Sonam: from Dzoege Country, Ngaba Prefecture, Sichuan Province, teacher at Ngaba Prefecture’s Middle School for Nationalities, sentenced to 2 years in prison.

Tohlha: Tibetan from Qinghai (details of place of origin are unclear), teacher at Ngaba Prefecture’s Middle School for Nationalities, sentenced to 1 year and 8 months in prison. **June 16, 2011 update on Tohlha via Woeser’s Twitter**: Real name: Dorje Tsering  (Tohlha is an alias), from Kazhur Township, Dowi County, Qinghai Province, graduate of Qinghai University for Nationalities, sentenced in May 2011.

(Unfortunately I can’t find their photos at the moment)

Additionally, due to their writings about the Tibetan protests of 2008, three writers who were sentenced to prison terms on December 30, 2010 by Sichuan Province’s Ngaba Prefecture Intermediate People’s Court (this has been reported by media) are:

Jangtse Dhonkho, (Official name on his ID: Rongke, Pen name: Nyen): Born in 1978, from Kyungchu County, Ngaba Prefecture, Sichuan Province, working for Kyungchu County local office for historical affairs. Member of Sichuan Province Writers Association, published a collection of poetry, recipient of many Tibetan Literary Awards. Sentenced to 4 years in prison.

Bhudha, (Pen Name: Buddha): Born in 1979, from Ngaba County, Ngaba Prefecture, Sichuan Province, graduated with a Doctor of Medicine (MD) degree from Chongqing University, working in the hospital in the town of Barma in Ngaba County, poet, editor of Tibetan language periodical “Modern Self”. Sentenced to 4 years in prison.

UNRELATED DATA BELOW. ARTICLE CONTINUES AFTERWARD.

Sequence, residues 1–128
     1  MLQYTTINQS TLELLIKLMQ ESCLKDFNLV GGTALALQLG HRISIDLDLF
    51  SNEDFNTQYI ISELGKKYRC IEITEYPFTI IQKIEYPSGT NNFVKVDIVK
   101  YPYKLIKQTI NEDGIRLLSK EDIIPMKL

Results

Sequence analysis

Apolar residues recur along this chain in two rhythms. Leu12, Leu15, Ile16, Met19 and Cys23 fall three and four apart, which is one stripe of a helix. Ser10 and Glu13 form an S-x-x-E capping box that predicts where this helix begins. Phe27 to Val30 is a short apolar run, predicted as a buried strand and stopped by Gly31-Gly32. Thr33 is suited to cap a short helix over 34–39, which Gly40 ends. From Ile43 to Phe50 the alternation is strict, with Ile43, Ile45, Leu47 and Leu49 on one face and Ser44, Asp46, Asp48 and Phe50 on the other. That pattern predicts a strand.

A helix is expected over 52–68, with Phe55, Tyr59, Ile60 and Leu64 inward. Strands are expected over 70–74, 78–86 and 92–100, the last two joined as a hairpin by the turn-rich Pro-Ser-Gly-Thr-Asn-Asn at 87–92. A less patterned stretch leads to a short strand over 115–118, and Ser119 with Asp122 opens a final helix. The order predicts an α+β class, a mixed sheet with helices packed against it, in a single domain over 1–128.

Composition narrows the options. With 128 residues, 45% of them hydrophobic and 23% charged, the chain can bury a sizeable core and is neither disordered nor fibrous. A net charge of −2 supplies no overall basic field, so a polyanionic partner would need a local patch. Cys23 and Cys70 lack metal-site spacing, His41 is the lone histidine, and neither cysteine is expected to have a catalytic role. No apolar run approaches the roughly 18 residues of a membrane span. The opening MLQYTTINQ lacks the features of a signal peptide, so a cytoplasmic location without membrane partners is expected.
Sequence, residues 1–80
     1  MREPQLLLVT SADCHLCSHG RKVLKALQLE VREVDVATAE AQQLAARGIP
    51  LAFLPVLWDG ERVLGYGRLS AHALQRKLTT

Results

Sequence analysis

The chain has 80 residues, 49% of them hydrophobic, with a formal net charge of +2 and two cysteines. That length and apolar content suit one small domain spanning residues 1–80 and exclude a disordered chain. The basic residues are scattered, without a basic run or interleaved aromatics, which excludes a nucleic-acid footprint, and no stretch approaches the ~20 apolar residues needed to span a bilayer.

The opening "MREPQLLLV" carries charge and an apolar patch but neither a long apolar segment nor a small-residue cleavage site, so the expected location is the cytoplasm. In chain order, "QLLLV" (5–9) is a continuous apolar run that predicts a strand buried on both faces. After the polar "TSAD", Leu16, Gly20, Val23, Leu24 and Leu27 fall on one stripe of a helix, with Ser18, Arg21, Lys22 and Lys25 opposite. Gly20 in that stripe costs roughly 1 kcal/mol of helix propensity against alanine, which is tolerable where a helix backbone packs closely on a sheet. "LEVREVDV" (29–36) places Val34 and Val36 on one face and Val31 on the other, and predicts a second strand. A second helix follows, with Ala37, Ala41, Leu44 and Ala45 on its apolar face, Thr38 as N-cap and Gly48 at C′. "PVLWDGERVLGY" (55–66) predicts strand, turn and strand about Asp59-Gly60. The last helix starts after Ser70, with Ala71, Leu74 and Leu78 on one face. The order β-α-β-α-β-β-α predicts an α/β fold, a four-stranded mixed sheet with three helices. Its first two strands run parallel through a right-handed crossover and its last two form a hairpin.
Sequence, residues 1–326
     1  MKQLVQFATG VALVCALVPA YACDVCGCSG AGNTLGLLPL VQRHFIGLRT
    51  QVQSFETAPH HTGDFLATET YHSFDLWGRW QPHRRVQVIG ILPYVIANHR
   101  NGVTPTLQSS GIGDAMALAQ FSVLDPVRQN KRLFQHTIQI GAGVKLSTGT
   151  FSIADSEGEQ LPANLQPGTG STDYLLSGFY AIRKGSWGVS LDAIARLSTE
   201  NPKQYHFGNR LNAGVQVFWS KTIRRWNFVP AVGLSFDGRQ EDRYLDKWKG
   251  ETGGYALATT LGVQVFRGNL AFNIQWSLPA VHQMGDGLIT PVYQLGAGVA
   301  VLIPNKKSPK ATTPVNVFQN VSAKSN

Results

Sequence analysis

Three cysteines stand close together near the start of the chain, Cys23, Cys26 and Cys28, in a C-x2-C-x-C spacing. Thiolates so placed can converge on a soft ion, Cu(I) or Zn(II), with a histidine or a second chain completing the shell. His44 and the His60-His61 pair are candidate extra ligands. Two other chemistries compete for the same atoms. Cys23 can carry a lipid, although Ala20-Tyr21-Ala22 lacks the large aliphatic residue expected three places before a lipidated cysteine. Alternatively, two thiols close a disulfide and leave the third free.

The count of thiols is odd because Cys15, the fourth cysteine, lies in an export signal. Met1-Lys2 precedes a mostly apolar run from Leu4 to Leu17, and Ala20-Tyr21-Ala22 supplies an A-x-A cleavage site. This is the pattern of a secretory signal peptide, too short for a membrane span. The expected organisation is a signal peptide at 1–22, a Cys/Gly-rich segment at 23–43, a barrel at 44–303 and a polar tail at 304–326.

Kelsang Jinpa, (Pen name: Garmi): Born in 1977, from Labrang, Kanlho Prefecture, Gansu Province, was living in Ngaba County doing business, poet, editor of Tibetan language periodical “Modern Self”. Sentenced to 3 years in prison.

At the moment, there is a writer and teacher facing imminent sentencing:

Dawa: from Ngaba County, Ngaba Prefecture, Sichuan Province, a teacher at Ngaba County Middle School for Nationalities. Founder of monthly Tibetan language periodical “Modern Self”. Also an editor and writer. Arrested on October 1 2010, currently held at Jinchuan County Detention Centre, no family visits are allowed, denied legal representation.

Also, on my blog I have documented several Tibetan writers and authors who have been sentenced:

Kunchok Tsephel, from Machu County, Kanlho Prefecture, Gansu Province, founder of the first Tibetan literature website inside China. Sentenced to 15 years in prison in November 2009.  (On the photo, Kunchok Tsephel is on the right hand side)

Kunga Tsayang (Pen name: Gangnyi), from Golok Prefecture, Qinghai Province. Photographer for Golok Nyenpo Yurtse Association of Environmental Protection. Sentenced to 5 years in prison in November 2009. (On the photo, Kunga Tsayang is on the left hand side)